by Brian Hioe

Photo Credit: Formosa Salon/Twitter

CONTROVERSY HAS erupted after a sculpture installed on the campus of the London School of Economics (LSE) originally depicting Taiwan as separate from China was later changed by the school administration to depict Taiwan as part of China. The sculpture, entitled “The World Turned Upside Down”, is by Turner Prize-winning British artist Mark Wallinger, depicting an upside-down political globe. The sculpture is located outside of LSE’s Saw Swee Hock Student Centre.

In the original version of the sculpture, Taiwan was depicted in a different color from China, as was Tibet. Taipei and Lhasa were also marked as the political capitals of Taiwan and Tibet respectively. However, following protests from Chinese students, Taiwan was repainted to be the same color as China and the red dot that originally marked Taipei was changed to a black dot, downgrading Taipei to the status of a Chinese city rather than a political capital. It is unknown whether Tibet will eventually be repainted to be the same color as China and Lhasa’s red dot changed to a black dot.

The World Turned Upside Down. Photo credit: Wishva de Silva/WikiCommons/CC

Some have suspected that Wallinger deliberately intended to depict Taiwan and Tibet as not being part of China, leading to some criticisms that LSE’s administration would go ahead on its own and change an artwork without the permission of the creator. That being said, the sculpture has also been vandalized because Palestine is not depicted as a separate country from Israel.

For his part, Wallinger has stated that he will respect the decision of the school, stating to the Art Newspaper that ‘“the UN is the authority as to the names and borders’, whereas his own globe represents ‘the world, as we know it from a different viewpoint; familiar, strange and subject to change’”. At the same time, Wallinger also demurred by claiming that these difference in coloration were an “error.” As also pointed out by the Art Newspaper, LSE director Minouche Shafik may be regretting stating that “This bold new work by Mark Wallinger encapsulates what LSE is all about.”

As the changes to the sculpture were made after protests by Chinese students, the university originally held a meeting to mediate between Taiwanese and Chinese students upset by the matter on April 3rd, but eventually decided to rule in favor of the Chinese students. However, Taiwanese students were reportedly not originally invited to the meeting and were only invited after a petition that they be allowed to attend was circulated on campus.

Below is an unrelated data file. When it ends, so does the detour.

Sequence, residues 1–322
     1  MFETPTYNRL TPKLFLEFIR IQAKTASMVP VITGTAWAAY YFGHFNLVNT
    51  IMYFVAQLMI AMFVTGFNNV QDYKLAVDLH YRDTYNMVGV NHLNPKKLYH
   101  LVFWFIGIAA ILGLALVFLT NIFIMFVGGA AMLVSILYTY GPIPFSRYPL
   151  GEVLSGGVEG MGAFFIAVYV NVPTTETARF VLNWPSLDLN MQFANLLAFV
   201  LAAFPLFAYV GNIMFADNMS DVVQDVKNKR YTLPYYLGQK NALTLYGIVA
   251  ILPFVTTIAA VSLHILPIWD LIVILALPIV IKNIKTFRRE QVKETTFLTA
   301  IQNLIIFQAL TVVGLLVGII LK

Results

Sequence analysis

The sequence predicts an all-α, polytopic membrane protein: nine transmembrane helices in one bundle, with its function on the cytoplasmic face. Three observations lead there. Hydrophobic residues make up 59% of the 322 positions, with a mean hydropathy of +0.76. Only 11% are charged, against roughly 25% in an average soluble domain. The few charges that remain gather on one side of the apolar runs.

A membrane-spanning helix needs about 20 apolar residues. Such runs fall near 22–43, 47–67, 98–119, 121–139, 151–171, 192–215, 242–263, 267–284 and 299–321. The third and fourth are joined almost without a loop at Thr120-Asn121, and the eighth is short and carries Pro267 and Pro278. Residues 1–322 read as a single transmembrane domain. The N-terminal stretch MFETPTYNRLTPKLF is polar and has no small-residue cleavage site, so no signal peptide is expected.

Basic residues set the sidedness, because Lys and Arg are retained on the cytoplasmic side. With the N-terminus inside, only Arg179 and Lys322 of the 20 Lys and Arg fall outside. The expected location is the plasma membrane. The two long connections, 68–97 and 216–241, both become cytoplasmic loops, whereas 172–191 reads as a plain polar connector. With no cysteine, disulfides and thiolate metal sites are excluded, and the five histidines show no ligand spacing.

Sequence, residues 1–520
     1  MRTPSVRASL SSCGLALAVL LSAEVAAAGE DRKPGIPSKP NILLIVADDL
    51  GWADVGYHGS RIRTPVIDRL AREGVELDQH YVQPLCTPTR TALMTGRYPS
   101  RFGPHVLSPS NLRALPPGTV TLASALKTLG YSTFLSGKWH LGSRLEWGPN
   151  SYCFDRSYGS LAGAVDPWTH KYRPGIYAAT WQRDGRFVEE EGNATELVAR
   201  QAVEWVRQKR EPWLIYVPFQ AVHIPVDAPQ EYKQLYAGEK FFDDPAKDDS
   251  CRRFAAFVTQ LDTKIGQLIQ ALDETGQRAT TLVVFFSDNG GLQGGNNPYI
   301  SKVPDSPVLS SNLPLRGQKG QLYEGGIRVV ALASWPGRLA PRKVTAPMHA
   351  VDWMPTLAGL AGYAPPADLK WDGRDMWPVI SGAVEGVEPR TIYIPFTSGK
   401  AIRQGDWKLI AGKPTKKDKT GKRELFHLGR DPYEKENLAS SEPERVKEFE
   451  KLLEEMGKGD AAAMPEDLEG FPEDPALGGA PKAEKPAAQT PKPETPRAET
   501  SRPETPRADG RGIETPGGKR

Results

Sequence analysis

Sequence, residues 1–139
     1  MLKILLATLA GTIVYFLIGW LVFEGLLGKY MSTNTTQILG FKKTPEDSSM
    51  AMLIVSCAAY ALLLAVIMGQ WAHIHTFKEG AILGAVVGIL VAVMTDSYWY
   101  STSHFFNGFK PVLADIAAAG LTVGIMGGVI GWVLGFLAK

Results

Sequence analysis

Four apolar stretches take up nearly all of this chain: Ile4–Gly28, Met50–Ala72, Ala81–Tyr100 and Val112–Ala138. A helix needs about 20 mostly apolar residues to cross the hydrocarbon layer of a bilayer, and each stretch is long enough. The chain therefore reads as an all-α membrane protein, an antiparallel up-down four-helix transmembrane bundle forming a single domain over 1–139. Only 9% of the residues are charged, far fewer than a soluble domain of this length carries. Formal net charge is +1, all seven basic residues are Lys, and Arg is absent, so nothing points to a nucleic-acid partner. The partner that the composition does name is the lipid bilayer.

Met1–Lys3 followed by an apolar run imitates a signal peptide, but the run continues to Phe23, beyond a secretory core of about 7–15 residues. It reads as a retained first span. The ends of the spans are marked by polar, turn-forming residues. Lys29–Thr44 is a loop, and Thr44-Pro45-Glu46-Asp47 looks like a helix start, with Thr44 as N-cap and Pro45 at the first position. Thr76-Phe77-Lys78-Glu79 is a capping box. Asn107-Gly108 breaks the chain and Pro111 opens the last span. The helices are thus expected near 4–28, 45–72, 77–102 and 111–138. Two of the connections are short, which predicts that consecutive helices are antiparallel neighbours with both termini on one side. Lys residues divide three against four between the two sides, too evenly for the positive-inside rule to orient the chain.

That the sculpture is located outside LSE is a particularly sensitive issue for Taiwan, seeing as current president Tsai Ing-wen holds a Ph. D from LSE. Apart from condemnations by Tsai and Minister of Foreign Affairs Joseph Wu, Taiwan’s representative offices have sent a letter of disapproval to LSE. LSE administration has so far claimed that no changes were made to the sculpture, however. Two British members of parliament, Nigel Evans and Lord Rogan, co-chairs of the British-Taiwanese All-Party Parliamentary Group, have also been critical of LSE’s actions, emphasizing in a letter that Taiwan has never been part of the People’s Republic of China. University of Miami political science professor June Teufel Dreyer has also been among those critical.

The most interesting development regarding the controversy, however, may be the mobilization of UK-based overseas Taiwanese students after the controversy. A petition started by Lee Bo-yi, a Ph. D candidate studying at King’s College in London, calling for LSE to reverse its decision, has been signed by more than 10,000 individuals.

Lee is notably a member of the Central Standing Committee of the New Power Party (NPP), as one of the recently elected members of its Central Standing Committee elections in February. Lee normally serves as a legislative assistant and thinktank researcher for the NPP, while also completing his Ph. D in management at King’s College. Lee has published op-eds defending the petition in response to comments by Taiwanese LSE professor Shih Fang-long arguing in support of the school’s actions and in response to what she claimed was respecting the artist’s decision.

Likewise, the petition has been in large part circulated by the Formosa Salon, a Taiwanese NGO based in London that was founded after the 2014 Sunflower Movement. The Formosa Salon is a number of international NGOs or organizations comprised of Taiwanese students studying overseas that were formed as a product of the wave of student organizing among overseas Taiwanese students during and after the Sunflower Movement, usually modeling themselves after the Philosophy Friday lecture events held across Taiwan weekly. In the years before the Sunflower Movement, Philosophy Fridays, originating from the coffee shop Cafe Philo, served as a means for political discussion of social issues.

The NPP, which also emerged from the Sunflower Movement, has at times recruited from individuals that emerged from such organization. Apart from Lee, NPP city councilor candidates Hsiao Hsin-cheng and Lin Yen-fu, the latter of which was victorious in his election bid, were associated with Cafe Philo NY, for example.

As such, responses to the LSE globe controversy have reflected the growth in overseas student organizing by young Taiwanese students in the wake of the Sunflower Movement. However, it is another question entirely as to how LSE will react to such criticisms.

No more articles